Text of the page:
A 1970 commercial shows a newlywed couple in the bedroom after the woman (played by Alice Playten) has finished serving her husband (played by Terry Kiser) a giant dumpling; the implication is that her cooking skills are severely lacking, despite her husband's lament, "I can't believe I ate that whole thing!", the commercial's catch-phrase. She lies on the bed in delusional triumph. She offers her beleaguered husband a heart-shaped meatloaf; he disappears to take some Alka-Seltzer. When she hears the fizzy noise coming from the bathroom, he quickly covers the glass of dissolving Alka-Seltzer as she wonders aloud if it is raining. Just when he has recovered his well-being, he hears her misreading recipes for dinner the next night: "Marshmallowed meatballs," "medium salad snails," and "pouched (actually poached) oysters". He returns to the bathroom for more Alka-Seltzer.[7] The catch-phrase, Howie Cohen told The Los Angeles Times, was inspired when he ate too much of the food at a London commercial shoot because "I am a nice Jewish kid from the Bronx, so I ate everything," and when he told his wife "I can't believe I ate the whole thing", she said, "There's your next Alka-Seltzer commercial."[8]

A 1971 commercial featured another catch-phrase from Cohen (along with Bob Pasqualina), "Try it, you'll like it!" It was remade with Kathy Griffin in 2006.[9] In 1972, an actor (Milt Moss) spent the commercial moaning, "I can't believe I ate that who-o-o-o-o-ole thing," while his wife (Lynn Whinic) made sarcastic comments and finally advised him to take some Alka-Seltzer.[10] In 2005, this ad was also remade, featuring Peter Boyle and Doris Roberts from the 1996–2005 TV sitcom Everybody Loves Raymond.[11]

Sammy Davis, Jr. recorded two versions of the famous "Plop Plop Fizz Fizz" jingle in 1978, one of which (the "big band" version) was featured on a television commercial. Both the big band and rock versions had additional lyrics (with at least one verse unique to each song) written by Tom Dawes, former lead singer of The Cyrkle who wrote the original jingle.

In 2009, the brand was featured in television commercials supporting the United States Ski Team that included alpine skier Lindsey Vonn and Nordic combined skier Bill Demong. Miniature figures of the Speedy mascot were shown with each.


In 1951, the "Speedy" character was introduced. The character was originally conceived by creative director George Pal of the Wade Ad Agency and designed by illustrator Wally Wood. Originally named Sparky, the name was changed to Speedy by sales manager Perry L. Shupert to align with that year's promotional theme, "Speedy Relief." Speedy appeared in over 200 TV commercials between 1954 and 1964. His body was one Alka-Seltzer tablet, while he wore another as a hat. Buster Keaton appeared along with the animated Speedy Alka-Seltzer figure in a series of 1950s commercials based on the product's then-current slogan, "Relief is just a swallow away." Speedy Alka-Seltzer was voiced by Dick Beals. Speedy was revived for one of the "Plop, plop, fizz, fizz" song spots in 1976. In his original spots he sang "Relief is just a swallow away" while in his 1976 revival he proclaimed Alka-Seltzer's virtues and sang the "Plop, plop, fizz, fizz, oh what a relief it is" song in his iconic high, squeaky voice. In the early 1960s a commercial showing two tablets dropping into a glass of water instead of the usual one caused sales to double. In December 2010, Alka-Seltzer began a series of new commercials featuring Speedy, using CGI effects to recreate the stop-motion puppetry of the 1950s and 1960s, with Speedy voiced by Debi Derryberry.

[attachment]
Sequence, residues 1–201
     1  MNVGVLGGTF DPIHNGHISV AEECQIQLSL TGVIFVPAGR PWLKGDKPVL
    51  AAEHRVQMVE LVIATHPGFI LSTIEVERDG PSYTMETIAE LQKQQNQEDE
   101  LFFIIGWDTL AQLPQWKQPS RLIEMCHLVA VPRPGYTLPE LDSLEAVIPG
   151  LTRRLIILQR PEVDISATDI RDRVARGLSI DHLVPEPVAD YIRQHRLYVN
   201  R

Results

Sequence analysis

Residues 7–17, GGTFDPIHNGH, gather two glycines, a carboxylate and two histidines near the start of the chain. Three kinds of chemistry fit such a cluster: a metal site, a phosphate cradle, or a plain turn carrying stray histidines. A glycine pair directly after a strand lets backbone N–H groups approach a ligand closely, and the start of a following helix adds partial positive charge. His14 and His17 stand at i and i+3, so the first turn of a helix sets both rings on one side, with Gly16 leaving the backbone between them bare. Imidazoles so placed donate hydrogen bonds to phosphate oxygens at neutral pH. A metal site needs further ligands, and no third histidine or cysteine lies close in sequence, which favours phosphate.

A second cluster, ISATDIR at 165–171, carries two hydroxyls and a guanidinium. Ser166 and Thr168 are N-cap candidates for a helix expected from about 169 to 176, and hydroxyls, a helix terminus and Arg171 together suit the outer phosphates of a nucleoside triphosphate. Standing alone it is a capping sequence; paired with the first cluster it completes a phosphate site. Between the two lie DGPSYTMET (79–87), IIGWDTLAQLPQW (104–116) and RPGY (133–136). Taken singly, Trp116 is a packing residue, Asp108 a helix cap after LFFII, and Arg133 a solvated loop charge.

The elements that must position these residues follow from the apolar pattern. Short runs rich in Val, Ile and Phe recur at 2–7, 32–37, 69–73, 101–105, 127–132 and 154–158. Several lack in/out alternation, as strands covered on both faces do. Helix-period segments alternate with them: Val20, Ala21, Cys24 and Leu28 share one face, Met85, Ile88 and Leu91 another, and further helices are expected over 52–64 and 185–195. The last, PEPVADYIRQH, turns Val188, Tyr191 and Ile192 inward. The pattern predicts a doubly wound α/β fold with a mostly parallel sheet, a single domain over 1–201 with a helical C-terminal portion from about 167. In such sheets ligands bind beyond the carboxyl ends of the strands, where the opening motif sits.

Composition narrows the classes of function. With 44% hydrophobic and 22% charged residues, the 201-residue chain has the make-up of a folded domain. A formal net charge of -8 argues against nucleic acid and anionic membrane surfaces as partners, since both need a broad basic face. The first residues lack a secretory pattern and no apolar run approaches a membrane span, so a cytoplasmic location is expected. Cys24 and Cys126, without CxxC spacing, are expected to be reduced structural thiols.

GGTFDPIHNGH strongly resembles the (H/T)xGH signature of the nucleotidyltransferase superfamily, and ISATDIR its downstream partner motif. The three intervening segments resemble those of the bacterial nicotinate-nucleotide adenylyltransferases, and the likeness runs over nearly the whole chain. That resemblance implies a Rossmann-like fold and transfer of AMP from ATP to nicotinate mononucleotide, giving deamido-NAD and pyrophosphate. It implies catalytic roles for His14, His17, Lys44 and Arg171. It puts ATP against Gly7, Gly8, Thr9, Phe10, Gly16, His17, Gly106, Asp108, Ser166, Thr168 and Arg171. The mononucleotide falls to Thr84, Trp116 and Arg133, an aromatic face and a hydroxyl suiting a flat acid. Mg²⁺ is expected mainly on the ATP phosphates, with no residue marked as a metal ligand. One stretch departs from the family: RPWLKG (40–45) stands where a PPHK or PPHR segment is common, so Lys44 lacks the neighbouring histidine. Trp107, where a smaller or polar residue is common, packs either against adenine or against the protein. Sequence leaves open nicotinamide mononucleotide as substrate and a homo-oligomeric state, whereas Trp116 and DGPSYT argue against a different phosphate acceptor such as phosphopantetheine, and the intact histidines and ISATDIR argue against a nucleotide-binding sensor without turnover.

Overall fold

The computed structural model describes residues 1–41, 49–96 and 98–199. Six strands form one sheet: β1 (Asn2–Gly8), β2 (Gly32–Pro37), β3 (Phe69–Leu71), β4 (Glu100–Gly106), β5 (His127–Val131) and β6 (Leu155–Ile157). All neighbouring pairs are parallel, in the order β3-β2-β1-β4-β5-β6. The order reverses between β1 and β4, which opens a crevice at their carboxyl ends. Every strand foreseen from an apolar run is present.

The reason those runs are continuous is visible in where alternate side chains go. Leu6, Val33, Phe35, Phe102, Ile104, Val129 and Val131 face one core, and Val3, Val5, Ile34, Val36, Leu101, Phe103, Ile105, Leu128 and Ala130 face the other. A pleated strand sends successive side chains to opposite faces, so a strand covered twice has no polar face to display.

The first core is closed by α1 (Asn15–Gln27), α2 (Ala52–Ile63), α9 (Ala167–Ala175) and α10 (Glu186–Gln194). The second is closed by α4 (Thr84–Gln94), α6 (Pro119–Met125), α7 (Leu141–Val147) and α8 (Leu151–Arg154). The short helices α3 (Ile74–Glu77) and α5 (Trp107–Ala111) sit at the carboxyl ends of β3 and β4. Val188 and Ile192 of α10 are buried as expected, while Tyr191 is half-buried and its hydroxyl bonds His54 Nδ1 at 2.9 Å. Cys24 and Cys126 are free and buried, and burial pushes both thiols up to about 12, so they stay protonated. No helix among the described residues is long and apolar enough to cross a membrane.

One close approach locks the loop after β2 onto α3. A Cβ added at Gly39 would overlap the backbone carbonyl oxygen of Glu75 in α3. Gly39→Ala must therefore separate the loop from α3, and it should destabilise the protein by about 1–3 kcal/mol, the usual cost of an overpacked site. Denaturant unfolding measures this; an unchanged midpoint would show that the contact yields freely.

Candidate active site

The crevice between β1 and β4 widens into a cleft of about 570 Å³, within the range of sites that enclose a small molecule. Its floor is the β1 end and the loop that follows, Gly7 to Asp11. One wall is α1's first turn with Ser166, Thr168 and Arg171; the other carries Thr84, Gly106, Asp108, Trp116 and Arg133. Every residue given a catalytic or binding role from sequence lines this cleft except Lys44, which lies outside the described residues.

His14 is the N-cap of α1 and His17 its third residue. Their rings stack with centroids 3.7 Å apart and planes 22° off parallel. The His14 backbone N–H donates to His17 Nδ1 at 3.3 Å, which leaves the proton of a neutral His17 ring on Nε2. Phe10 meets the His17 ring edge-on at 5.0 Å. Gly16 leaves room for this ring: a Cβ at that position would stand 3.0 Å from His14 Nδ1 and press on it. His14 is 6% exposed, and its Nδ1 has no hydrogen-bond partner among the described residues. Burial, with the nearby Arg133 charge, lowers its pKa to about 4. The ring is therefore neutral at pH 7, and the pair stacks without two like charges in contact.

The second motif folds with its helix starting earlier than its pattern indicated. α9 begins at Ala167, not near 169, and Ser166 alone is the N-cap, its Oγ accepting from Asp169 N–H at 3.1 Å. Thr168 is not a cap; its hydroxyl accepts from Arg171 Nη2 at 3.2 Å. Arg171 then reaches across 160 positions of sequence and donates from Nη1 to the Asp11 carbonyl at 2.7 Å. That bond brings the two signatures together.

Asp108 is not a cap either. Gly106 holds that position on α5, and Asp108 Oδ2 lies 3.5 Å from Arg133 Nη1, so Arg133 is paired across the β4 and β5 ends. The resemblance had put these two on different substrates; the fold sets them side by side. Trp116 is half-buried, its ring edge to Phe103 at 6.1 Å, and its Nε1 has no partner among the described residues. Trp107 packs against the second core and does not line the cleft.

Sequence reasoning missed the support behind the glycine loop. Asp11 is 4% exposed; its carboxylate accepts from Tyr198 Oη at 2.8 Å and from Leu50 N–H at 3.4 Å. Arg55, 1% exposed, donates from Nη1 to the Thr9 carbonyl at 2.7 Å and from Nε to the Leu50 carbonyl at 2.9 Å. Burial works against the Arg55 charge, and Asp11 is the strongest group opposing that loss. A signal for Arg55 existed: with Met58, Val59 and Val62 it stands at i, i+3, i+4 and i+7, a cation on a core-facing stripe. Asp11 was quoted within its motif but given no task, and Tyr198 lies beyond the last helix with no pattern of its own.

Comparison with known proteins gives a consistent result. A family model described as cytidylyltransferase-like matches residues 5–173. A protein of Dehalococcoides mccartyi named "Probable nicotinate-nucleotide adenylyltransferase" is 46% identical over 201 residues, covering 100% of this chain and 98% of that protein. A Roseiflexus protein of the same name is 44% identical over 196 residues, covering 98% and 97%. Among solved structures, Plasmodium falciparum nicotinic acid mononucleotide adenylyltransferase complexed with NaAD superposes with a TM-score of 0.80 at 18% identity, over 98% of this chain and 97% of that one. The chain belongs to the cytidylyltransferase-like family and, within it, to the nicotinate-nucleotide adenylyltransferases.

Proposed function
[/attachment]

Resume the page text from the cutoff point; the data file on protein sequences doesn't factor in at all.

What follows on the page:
See also


  1. "Alka Seltzer Directions of use, Sodium & Aspirin content - Alka Seltzer relief from Headaches, Migraine & Upset stomach". Archived from the original on 2015-04-29.
  2. "Alka-seltzer original". Netdoctor. Archived from the original on 2015-06-10.
  3. Origin of Everyday Things Archived 2018-05-06 at the Wayback Machine. by Think Books (editor), Sterling Publishing Company, Inc., Nov 28, 2006 page 12. Retrieved October 21st, 2012
  4. 1 2 Google Books Archived 2018-05-06 at the Wayback Machine., Sold on Radio: Advertisers in the Golden Age of Broadcasting By Jim Cox pp 197-199 ISBN 978-0-7864-3391-9 May 23, 2008
  5. The book of answers: the New York Public Library Telephone Reference Service's most unusual and entertaining questions Archived 2018-05-06 at the Wayback Machine. By Barbara Berliner, Melinda Corey, George Ochoa. Simon and Schuster, 1992
  6. Hevesi, Dennis (25 February 2009). "Howard Zieff, 'a-Spicy Meatball' Adman, Dies at 81". Archived from the original on 5 December 2017. Retrieved 6 May 2018 via
  7. Holden, Stephen (26 June 2011). "Alice Playten, Actress of Small Frame, Big Voice, Dies at 63". Archived from the original on 23 May 2017. Retrieved 6 May 2018 via
  8. James, Meg (26 August 2012). "Ad man Howie Cohen built a reputation one line at a time". Archived from the original on 18 October 2015. Retrieved 6 May 2018 via LA Times.
  9. "Archived copy". Archived from the original on 2018-01-31. Retrieved 2018-01-31.
  10. Slotnik, Daniel E. (1 December 2016). "Milt Moss, Actor in Classic Alka-Seltzer Ad, Is Dead at 93". Archived from the original on 10 February 2018. Retrieved 6 May 2018 via
  11. Elliott, Stuart (12 December 2005). "Plop, Plop, Fizz, Fizz: Alka-Seltzer Remakes an Old TV Commercial (the Whole Thing)". Archived from the original on 31 January 2018. Retrieved 6 May 2018 via